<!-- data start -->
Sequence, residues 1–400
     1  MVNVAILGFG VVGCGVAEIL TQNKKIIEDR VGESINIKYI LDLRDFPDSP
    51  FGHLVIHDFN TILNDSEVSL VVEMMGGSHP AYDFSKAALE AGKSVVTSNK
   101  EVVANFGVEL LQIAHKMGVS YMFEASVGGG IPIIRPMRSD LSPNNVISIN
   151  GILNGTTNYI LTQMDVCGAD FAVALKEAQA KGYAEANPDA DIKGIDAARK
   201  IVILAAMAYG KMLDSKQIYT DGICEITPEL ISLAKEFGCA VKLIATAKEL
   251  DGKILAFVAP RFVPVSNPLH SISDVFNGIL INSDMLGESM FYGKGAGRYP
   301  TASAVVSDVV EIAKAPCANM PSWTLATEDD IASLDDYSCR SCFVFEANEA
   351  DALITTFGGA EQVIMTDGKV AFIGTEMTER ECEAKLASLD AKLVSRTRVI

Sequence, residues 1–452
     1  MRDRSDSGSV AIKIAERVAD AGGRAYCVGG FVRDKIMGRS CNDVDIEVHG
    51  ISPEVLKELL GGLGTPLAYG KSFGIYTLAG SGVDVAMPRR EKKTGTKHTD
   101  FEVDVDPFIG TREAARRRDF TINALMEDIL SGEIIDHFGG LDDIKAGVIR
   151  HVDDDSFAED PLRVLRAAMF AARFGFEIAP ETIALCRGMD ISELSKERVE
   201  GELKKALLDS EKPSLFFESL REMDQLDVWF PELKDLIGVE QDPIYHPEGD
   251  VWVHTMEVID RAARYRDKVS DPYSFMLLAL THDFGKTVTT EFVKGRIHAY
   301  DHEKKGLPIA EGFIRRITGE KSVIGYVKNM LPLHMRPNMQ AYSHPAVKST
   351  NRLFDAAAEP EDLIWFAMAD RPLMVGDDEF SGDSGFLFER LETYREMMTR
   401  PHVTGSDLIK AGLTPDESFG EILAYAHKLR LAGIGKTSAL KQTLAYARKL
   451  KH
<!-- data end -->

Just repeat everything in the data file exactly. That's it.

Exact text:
Sequence, residues 1–400
     1  MVNVAILGFG VVGCGVAEIL TQNKKIIEDR VGESINIKYI LDLRDFPDSP
    51  FGHLVIHDFN TILNDSEVSL VVEMMGGSHP AYDFSKAALE AGKSVVTSNK
   101  EVVANFGVEL LQIAHKMGVS YMFEASVGGG IPIIRPMRSD LSPNNVISIN
   151  GILNGTTNYI LTQMDVCGAD FAVALKEAQA KGYAEANPDA DIKGIDAARK
   201  IVILAAMAYG KMLDSKQIYT DGICEITPEL ISLAKEFGCA VKLIATAKEL
   251  DGKILAFVAP RFVPVSNPLH SISDVFNGIL INSDMLGESM FYGKGAGRYP
   301  TASAVVSDVV EIAKAPCANM PSWTLATEDD IASLDDYSCR SCFVFEANEA
   351  DALITTFGGA EQVIMTDGKV AFIGTEMTER ECEAKLASLD AKLVSRTRVI

Sequence, residues 1–452
     1  MRDRSDSGSV AIKIAERVAD AGGRAYCVGG FVRDKIMGRS CNDVDIEVHG
    51  ISPEVLKELL GGLGTPLAYG KSFGIYTLAG SGVDVAMPRR EKKTGTKHTD
   101  FEVDVDPFIG TREAARRRDF TINALMEDIL SGEIIDHFGG LDDIKAGVIR
   151  HVDDDSFAED PLRVLRAAMF AARFGFEIAP ETIALCRGMD ISELSKERVE
   201  GELKKALLDS EKPSLFFESL REMDQLDVWF PELKDLIGVE QDPIYHPEGD
   251  VWVHTMEVID RAARYRDKVS DPYSFMLLAL THDFGKTVTT EFVKGRIHAY
   301  DHEKKGLPIA EGFIRRITGE KSVIGYVKNM LPLHMRPNMQ AYSHPAVKST
   351  NRLFDAAAEP EDLIWFAMAD RPLMVGDDEF SGDSGFLFER LETYREMMTR
   401  PHVTGSDLIK AGLTPDESFG EILAYAHKLR LAGIGKTSAL KQTLAYARKL
   451  KH